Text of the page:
The Disruptive Innovator

Discussions concerning Innovation Strategy, how to design and market innovative new high technology products and services, the difference between technologies and products, Disruptive Innovations,the Technology Adoption LifeCycle, the SWIFT New Product Innovation method, Silicon Valley startups and more.

Thursday, August 24, 2006

What is a Stakeholder Chart, and How Do We Use It?

What is a Stakeholder Chart, and How Do We Use It?

In our last post on Innovation Theory we discussed Who Are Stakeholders? Today we will begin to apply these definitions in determining the necessary characteristics of the new innovation we will be designing.

In the course of that post we defined several roles that Stakeholders may play. In particular, we defined the following roles:

  • User
  • Buyer
  • Evaluator
  • Ally / Blocker
  • Sponsor

In the case of many inexpensive consumer products, there is only one decision-maker that has to be convinced to purchase the product. The purchaser is in charge of the finances needed to make the purchase, is knowledgeable about what they need the product to do, and will ultimately will be the user of the product as well.

Knowing who all the stakeholders in a purchase/usage situation are is important for us to know before we begin designing our innovation, because stakeholder relationships have a huge impact on what product and service characteristics will be adopted quickly, which may be adopted slowly and which most likely will never be adopted at all. We’ll see an example of that later, but right now let’s work through a simpler example that I call Anita’s New Car.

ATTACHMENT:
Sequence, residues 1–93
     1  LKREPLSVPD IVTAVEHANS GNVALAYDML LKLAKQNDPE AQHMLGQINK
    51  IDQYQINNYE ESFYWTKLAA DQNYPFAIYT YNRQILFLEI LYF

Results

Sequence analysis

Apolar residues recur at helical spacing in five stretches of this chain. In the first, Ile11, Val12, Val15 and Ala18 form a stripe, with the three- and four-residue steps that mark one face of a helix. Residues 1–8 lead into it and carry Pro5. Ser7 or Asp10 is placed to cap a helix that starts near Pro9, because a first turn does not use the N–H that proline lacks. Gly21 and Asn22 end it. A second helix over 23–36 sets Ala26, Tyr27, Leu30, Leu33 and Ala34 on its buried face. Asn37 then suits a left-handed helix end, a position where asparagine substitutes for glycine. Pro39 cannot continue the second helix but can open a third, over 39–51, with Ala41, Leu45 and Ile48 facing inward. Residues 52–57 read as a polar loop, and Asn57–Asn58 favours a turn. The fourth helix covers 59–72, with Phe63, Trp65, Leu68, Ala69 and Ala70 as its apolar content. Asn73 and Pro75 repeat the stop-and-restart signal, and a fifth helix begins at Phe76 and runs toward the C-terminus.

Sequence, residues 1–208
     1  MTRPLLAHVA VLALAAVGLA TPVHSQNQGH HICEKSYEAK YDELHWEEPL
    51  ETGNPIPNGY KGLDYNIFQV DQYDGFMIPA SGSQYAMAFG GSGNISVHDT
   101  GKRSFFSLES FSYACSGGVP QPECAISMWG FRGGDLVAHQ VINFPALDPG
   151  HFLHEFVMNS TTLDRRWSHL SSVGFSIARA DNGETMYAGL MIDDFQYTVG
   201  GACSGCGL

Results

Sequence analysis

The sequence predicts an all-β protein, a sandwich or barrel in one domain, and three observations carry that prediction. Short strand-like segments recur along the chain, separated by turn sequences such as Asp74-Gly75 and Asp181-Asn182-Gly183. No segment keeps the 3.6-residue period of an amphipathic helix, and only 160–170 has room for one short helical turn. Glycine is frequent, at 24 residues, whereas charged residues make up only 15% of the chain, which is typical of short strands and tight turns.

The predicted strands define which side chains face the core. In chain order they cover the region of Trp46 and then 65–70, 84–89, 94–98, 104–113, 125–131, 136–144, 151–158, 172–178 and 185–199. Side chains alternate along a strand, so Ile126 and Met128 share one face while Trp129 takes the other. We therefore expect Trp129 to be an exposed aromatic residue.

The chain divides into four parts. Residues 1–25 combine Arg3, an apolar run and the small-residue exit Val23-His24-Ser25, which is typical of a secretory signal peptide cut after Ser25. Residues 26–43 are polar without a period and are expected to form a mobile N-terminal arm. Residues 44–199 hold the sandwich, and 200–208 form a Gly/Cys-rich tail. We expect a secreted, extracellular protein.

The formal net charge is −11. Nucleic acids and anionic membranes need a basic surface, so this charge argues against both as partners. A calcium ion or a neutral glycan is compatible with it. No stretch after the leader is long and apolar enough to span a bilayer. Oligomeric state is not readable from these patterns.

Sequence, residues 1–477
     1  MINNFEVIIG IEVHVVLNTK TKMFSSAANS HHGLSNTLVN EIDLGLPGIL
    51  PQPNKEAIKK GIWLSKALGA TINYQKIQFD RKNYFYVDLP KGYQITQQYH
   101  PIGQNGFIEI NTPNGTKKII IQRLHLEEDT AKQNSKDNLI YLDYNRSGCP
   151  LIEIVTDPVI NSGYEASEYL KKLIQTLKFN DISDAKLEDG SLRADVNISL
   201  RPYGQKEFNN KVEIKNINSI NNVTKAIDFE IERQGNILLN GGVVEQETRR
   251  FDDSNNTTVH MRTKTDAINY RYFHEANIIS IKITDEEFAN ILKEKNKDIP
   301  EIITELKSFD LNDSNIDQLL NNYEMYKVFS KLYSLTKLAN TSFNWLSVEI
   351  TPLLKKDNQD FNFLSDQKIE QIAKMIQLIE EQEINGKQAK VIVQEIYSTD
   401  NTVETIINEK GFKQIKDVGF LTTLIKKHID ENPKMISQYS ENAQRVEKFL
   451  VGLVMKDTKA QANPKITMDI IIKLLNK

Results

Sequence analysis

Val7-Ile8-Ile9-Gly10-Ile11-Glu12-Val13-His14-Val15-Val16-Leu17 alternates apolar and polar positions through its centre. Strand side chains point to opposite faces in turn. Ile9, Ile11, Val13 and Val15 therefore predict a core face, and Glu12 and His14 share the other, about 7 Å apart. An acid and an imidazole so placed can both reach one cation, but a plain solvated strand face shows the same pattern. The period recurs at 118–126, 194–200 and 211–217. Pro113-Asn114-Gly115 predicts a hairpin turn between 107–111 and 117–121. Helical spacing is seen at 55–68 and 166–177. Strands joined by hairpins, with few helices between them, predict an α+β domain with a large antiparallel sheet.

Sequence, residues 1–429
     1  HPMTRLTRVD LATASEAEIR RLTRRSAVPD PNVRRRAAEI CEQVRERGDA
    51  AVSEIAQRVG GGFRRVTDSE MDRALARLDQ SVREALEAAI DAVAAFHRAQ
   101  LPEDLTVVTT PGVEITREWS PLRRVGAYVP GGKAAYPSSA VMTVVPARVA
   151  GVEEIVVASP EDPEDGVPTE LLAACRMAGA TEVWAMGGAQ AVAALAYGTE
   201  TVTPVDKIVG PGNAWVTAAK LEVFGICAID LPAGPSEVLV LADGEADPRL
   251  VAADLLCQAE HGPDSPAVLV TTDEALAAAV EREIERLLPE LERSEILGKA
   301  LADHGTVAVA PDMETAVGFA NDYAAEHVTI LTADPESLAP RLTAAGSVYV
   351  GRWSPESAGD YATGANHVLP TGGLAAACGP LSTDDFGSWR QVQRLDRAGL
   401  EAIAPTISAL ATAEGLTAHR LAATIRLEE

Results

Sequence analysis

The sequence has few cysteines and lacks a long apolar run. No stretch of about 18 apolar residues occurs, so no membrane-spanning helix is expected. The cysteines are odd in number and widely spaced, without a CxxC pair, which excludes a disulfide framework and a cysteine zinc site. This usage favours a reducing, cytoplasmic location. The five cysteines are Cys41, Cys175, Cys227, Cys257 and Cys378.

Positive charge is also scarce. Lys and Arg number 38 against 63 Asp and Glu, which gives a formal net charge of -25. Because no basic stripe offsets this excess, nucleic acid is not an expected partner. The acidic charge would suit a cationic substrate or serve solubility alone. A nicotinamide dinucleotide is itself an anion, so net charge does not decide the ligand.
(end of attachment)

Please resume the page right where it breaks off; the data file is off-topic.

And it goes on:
Anita’s New Car

The following example illustrates these roles. The accompanying Stakeholder diagram is often useful for capturing the roles and lines of influence between individuals:

Anita's New Car Stakeholder Influence Diagram

This diagram captures the stakeholder relationships in the case of “Anita’s New Car”. Anita is just about to turn 16 and, as is common in her upwardly mobile suburban neighborhood, she wants a car for her birthday. Anita Carr is the “User”, because if a new car is purchased, she will be the one to operate it. But in a major purchase, the situation is often different. Consider the case of Anita, a girl who wants a car for her 16th birthday. If a car is purchased, she will be its “User”. So the car’s features have to please her and be usable by her. For instance, because Anita’s driver’s education class didn’t teach students to drive a manual transmission, Anita is only considering cars that have an automatic transmission. It also needs to be stylish enough that she is proud to show it off to her friends.